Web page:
Enriqueta Zafra, ed. and Anne J. Cruz, trans. The Life and Times of Mother Andrea/La vida y costumbres de la Madre Andrea.
An anonymous manuscript from circa 1650 that narrates the story of a brothel--presumably located in Madrid--its sexual workers, and wide social spectrum of clients, according to the testimony of its own procuress (a rarity indeed, since brothels administration was reserved for men), sounds appealing at first glance. The Life and Times of Mother Andrea/La vida y costumbres de la Madre Andrea was very likely penned by a converted Jew from the Iberian Peninsula and found in an Utrecht antique bookstore three centuries later by Hispanist Jonas A. Van Praag, which only adds depth and interest to this riveting picaresque narration.
It is known that prostitution was socially permissible and even became tacitly supported in sixteenth and seventeenth centuries by the Catholic Church, whose theologians considered necessary the very existence of public brothels in order to avoid greater evils such as incest, sodomy, rape, etc. But as Enriqueta Zafra explains in her introduction, when in 1623-and within the context of Counter-Reformation--King Phillip IV eventually prohibited prostitution, "[it] did not disappear nor did the concern about unenclosed women, who before, during, and after the ending of legalized prostitution kept slipping through the system and became associated with picaresque behavior" (7). E. Zafra and A. Cruz-respectively, editor and translator for this edition--have in common their expertise in the picaresque genre and a scholarly interest in the misogynist perception that picaras and prostitutes share in Early-Modern Spain where female figures who are considered to be out of control are primarily sexualized and stigmatized. This anonymous novella, with Mother Andrea as the brothel administrator and main voice--narrating in first person the account of her own life--follows on the Celestinesque tradition of the female picaresque in Spain with texts such as La picara Justina (1605), La hija de Celestina (1612), and La garduna de Sevilla (1642) as its precursors. All female protagonists in these picaresque tales share an elevated dose of physical beauty and artfulness that allow them to take advantage of their male counterparts, while pleasantly engaging the reader. The common goal of such a portrayal of crime and deceitfulness though is to allegedly warn the reader with its moralizing message.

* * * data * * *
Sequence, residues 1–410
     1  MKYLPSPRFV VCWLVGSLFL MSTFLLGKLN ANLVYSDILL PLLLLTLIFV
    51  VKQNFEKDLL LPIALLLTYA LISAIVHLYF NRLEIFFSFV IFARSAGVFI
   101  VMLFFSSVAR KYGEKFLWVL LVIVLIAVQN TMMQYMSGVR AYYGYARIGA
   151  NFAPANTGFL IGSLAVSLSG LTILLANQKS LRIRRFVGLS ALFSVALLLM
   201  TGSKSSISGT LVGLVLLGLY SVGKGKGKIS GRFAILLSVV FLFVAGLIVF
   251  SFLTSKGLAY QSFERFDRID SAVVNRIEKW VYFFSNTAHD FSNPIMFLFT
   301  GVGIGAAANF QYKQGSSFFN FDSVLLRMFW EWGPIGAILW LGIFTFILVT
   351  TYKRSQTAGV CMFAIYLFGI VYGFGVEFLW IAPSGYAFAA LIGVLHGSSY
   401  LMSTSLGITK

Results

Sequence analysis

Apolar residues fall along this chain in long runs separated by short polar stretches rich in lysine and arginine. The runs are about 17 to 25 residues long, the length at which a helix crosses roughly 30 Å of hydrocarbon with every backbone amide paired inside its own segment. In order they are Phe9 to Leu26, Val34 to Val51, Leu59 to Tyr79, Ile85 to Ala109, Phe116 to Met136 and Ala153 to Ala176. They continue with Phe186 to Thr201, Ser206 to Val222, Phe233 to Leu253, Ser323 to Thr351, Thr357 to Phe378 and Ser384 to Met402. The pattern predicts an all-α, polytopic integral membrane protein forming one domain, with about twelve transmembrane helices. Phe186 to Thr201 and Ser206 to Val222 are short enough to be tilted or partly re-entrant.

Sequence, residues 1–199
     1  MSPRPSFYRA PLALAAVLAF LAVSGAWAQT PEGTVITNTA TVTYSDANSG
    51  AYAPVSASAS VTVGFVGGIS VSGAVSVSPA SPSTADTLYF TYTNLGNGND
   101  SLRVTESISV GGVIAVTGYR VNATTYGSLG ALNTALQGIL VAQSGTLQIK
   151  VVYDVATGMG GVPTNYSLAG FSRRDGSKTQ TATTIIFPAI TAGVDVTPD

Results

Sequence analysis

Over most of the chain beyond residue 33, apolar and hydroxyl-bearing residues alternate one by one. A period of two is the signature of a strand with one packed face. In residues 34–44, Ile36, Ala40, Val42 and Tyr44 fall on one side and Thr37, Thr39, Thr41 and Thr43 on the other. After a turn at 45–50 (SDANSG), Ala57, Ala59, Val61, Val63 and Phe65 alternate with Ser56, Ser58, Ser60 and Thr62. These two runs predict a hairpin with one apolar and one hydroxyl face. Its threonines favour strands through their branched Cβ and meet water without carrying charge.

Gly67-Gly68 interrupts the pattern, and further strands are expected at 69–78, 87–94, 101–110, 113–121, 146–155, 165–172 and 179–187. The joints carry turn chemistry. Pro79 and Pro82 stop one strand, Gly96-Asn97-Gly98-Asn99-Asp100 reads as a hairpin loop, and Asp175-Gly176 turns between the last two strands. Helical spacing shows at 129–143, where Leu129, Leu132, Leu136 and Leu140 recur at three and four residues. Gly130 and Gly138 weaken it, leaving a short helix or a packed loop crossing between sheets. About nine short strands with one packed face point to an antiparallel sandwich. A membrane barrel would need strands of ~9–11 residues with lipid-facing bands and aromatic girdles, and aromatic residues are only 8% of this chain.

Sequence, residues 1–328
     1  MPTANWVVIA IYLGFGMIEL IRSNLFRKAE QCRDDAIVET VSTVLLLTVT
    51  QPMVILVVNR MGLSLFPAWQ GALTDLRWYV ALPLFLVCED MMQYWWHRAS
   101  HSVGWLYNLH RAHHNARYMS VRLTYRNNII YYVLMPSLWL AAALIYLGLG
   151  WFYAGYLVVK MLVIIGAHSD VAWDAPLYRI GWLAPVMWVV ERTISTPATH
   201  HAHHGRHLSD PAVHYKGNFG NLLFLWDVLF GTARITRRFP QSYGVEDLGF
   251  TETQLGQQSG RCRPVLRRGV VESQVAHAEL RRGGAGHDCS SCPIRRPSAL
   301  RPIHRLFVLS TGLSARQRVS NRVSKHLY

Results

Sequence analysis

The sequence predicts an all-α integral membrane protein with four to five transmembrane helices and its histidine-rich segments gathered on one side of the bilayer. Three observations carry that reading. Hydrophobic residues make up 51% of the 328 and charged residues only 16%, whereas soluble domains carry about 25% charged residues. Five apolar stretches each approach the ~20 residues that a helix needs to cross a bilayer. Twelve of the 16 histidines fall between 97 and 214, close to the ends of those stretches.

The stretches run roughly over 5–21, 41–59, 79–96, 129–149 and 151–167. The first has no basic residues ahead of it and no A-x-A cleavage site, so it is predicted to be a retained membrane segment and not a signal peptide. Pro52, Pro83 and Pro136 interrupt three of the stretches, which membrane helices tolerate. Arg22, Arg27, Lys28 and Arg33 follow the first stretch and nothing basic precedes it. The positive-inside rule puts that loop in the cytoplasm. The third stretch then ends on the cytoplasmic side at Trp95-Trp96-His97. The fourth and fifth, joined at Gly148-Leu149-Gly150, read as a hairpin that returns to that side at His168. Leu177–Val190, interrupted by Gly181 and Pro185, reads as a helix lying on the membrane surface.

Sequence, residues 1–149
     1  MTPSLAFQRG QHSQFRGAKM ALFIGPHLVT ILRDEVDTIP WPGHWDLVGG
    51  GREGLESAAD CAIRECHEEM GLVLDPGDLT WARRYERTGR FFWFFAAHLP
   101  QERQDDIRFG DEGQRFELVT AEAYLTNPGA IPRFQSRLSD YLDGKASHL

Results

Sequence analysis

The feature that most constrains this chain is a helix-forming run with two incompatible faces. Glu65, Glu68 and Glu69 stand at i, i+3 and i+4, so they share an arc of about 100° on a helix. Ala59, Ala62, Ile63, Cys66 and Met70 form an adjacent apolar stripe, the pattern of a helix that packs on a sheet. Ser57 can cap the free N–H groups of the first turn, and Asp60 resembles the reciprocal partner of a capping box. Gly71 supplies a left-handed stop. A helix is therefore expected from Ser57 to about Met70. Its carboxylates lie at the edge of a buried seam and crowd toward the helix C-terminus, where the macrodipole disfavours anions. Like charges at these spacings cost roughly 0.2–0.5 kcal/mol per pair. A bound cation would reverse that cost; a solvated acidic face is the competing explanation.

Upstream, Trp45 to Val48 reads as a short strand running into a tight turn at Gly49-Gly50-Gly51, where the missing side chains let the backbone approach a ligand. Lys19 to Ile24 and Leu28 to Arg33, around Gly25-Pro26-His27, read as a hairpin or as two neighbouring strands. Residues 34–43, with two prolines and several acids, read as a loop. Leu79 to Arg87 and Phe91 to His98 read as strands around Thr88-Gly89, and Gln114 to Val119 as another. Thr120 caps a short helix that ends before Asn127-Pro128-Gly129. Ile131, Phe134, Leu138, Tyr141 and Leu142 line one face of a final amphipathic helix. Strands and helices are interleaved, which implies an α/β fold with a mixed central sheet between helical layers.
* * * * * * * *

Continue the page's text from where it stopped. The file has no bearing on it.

Since its original publication in 1958 in Revista de Literatura by Van Praag, The Life and Times of Mother Andrea has been forgotten until now. In her introduction to the volume, Zafra explains that the present edition follows the eighteenth-century copy of the text found by Van Praag, with the intention of complementing the late Hispanist's work and having in mind the modern reader. With this aim, "annotating the text differently in the original and the translation, although there are bound to be crossovers, we [Zafra and Cruz] allow readers to reach their own conclusions, to wander through the pages of the parallel texts and, in doing so, to achieve a fuller and more enlightening reading experience" (23). In fact, the reader here gets "two for the price of one" since we find both Zafra's and Cruz's expertise reunited in this edition.